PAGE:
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Will I Go to Jail if I Violate Probation?

Home|Blog|Criminal Defense|Will I Go to Jail if I Violate Probation?

In Ohio, individuals convicted of a crime may be assigned probation instead of more significant penalties, such as prison time. Probation offers several key permissions that are not granted by more severe penalties, although probation still involves strict rules. 

Violating the terms of your probation sentence can lead to serious consequences, including additional jail time, imprisonment, a longer probation period and other charges. Protect your rights alongside a Dayton criminal defense lawyer at The VanNoy Firm. We can provide advice that is specific to your case. 

Understanding Probation in Ohio

Probation is a punishment that typically involves community supervision that is assigned in place of jail time. The primary objective of probation is to motivate people to live according to the law. Most often, individuals who confess or plead guilty to minor charges are sentenced to probation; however, there are other situations that may also call for probation. 

By imposing a probationary period, the court frequently demonstrates its good faith and expresses some confidence in the offender’s capacity to refrain from committing other offenses or crimes. 

Usually, a person who is serving a probation sentence must regularly meet with an assigned parole officer. These visits may be weekly or monthly, depending on what the court decides, and some visits may take place at the person’s home. In some cases, probation may also require employment, community service, avoiding illegal substances and paying any relevant court fees. 

Common Probation Violations

The rules of a probation sentence can vary depending on the situation, so it’s important that you fully understand the terms of your sentence. You may face legal consequences if you do not remain in the designated geographic area that is included in their probation rules. For example, an individual under probation might not be allowed to leave their country or travel between states. Often, individuals on probation cannot carry firearms and are held to other obligations, including child support payments, restitution fees and more.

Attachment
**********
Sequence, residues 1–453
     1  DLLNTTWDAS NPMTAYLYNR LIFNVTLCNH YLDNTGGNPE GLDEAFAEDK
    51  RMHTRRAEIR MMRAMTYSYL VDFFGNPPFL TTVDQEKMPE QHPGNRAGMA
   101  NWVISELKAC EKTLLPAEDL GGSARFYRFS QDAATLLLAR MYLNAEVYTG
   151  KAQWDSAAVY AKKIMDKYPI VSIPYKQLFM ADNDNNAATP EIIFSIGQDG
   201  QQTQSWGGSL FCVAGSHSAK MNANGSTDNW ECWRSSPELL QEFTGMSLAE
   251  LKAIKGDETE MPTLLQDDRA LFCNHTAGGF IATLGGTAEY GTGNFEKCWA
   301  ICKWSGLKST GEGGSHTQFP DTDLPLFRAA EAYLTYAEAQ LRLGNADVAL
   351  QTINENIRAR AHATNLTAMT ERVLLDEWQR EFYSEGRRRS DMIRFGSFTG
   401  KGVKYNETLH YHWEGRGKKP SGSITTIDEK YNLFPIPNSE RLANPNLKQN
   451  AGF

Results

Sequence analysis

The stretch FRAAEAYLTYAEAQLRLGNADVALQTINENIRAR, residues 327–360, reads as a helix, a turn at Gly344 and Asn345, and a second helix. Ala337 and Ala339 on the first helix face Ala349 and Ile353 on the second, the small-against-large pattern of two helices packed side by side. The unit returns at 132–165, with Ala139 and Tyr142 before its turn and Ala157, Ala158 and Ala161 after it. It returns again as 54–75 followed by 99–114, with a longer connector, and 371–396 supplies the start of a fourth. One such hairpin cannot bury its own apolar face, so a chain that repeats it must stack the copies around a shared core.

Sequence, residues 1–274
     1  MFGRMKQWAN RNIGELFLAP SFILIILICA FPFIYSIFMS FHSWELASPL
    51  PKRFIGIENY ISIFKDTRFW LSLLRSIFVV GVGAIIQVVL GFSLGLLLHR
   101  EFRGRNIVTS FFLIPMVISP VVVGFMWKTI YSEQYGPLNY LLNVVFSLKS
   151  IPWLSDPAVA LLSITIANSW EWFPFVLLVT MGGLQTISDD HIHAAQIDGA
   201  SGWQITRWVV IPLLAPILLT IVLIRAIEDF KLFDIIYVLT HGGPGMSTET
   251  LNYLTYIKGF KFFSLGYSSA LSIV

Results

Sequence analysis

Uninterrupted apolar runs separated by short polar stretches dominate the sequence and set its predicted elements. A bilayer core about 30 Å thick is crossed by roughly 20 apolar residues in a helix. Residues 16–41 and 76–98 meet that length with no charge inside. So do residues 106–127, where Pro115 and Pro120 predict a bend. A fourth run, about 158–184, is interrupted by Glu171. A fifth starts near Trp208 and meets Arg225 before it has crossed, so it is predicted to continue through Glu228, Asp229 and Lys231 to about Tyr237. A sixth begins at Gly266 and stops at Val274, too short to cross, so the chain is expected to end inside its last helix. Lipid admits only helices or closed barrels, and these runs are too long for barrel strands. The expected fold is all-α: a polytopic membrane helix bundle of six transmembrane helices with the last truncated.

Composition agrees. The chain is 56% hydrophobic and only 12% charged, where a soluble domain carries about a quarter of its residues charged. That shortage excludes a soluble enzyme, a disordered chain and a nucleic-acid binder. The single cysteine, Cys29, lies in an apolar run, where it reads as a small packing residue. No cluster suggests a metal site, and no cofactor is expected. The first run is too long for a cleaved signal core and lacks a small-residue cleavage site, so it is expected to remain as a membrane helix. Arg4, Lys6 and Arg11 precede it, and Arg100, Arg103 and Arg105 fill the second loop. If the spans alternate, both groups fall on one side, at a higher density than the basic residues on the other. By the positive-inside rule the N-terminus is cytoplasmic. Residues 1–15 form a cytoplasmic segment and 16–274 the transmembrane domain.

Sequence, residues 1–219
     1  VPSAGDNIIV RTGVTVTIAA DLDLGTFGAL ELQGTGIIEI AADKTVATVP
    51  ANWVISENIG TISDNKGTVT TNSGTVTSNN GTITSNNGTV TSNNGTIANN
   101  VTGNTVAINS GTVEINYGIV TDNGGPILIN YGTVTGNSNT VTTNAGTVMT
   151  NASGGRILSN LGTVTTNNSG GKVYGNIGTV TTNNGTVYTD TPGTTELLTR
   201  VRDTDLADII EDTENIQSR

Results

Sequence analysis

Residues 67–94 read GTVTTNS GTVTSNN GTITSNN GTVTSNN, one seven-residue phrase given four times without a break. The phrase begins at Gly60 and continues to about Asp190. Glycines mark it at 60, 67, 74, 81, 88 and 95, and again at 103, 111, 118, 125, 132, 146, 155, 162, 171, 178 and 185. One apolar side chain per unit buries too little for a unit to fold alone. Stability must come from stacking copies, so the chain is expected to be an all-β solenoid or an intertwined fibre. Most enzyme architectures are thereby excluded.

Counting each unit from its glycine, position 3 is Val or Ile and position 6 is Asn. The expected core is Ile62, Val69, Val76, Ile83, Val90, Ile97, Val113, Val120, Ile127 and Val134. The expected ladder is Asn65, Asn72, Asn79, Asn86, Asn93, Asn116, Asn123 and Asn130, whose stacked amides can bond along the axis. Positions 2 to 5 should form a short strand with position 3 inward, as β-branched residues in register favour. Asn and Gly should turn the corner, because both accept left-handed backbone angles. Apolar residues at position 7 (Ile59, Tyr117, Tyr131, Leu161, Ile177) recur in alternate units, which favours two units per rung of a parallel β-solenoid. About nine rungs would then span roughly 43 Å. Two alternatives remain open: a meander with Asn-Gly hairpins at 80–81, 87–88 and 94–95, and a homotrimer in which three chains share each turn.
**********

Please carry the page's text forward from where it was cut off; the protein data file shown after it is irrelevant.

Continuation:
There are several common probation violations, such as:

  • Association with people who have a criminal record, especially those who are currently on probation 
  • Committing a second offense
  • Refusal to visit a probation officer
  • Failed a drug test
  • Refusing to complete a drug or alcohol test
  • Not registering as a sex offender
  • Failure to pay court fines or reparations as required
  • Not completing court-ordered community service
  • Absence from required therapy sessions
  • Failure to find or keep a suitable job

Penalties of a Probation Violation

There are severe legal consequences for violating a probation order. In Ohio, a probation violation can lead to arrest and, depending on the circumstances, more charges. A person who is caught violating their probation sentence may face new charges alongside the original offense, and the violation can impact the potential for expungement in the future. 

Contact a Dayton Criminal Defense Lawyer Immediately

If you were arrested for violating a probation sentence, contact a Dayton criminal defense lawyer at The VanNoy Firm immediately to review your options. 

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About The Author

Anthony S. VanNoy

Trial Attorney

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